Northern New England chapters of the American Civil Liberties Union are suing the federal government for records related to controversial actions by immigration and border agents.
On Tuesday, the ACLU affiliates in Maine, New Hampshire and Vermont said they filed a federal public records lawsuit to obtain documents related to immigration enforcement in the region, which has ramped up and become more aggressive under President Donald Trump.
The suit against the U.S. Department of Homeland Security and its immigration enforcement and border security arms follows a year that saw immigration arrests increase across New England and the country. It is the latest in a series of local and national legal challenges by the ACLU to federal immigration officials.
Filed in the U.S. District Court of Maine, the suit comes as a response to tactics previously unseen here, including the first known arrest of an immigrant inside a Maine courthouse last year.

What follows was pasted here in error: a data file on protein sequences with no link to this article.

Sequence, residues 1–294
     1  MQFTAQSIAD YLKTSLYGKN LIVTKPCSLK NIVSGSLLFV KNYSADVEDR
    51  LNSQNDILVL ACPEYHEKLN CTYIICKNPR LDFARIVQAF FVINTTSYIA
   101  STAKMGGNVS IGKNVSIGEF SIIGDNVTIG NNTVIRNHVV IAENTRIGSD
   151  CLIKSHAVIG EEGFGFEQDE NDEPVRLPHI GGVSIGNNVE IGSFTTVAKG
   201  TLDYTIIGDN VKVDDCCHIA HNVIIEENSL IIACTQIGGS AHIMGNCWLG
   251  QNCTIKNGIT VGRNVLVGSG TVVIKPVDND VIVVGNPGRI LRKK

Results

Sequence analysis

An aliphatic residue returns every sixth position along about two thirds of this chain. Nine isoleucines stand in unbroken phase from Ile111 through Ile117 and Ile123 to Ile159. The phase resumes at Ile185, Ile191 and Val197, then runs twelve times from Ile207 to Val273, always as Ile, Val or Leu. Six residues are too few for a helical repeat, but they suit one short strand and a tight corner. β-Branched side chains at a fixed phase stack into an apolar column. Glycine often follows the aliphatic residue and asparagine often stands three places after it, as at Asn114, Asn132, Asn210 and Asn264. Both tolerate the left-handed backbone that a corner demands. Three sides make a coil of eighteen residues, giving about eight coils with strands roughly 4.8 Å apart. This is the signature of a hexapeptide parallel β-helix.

In April 2017, U.S. Immigration and Customs Enforcement agents arrested a Somali man in the Cumberland County Court, where he’d come to plead not guilty to a drunken driving charge. Many members of the Maine legal community, including the ACLU, decried the arrest of Abdi Ali as threatening the working of the justice system.
The arrest was one of a number of incidents that led the ACLU chapters to file a Freedom of Information Act request last year for a broad swath of federal records and communication related to immigration actions in Maine, New Hampshire and Vermont.
ICE and U.S. Customs and Border Protection broke the law by failing to fully respond to the request, the lawsuit claims.
Spokespersons for Customs and Border Protection and ICE said it is their agencies’ policies not to comment on pending litigation. The Department of Homeland Security did not immediately respond to a request for comment.
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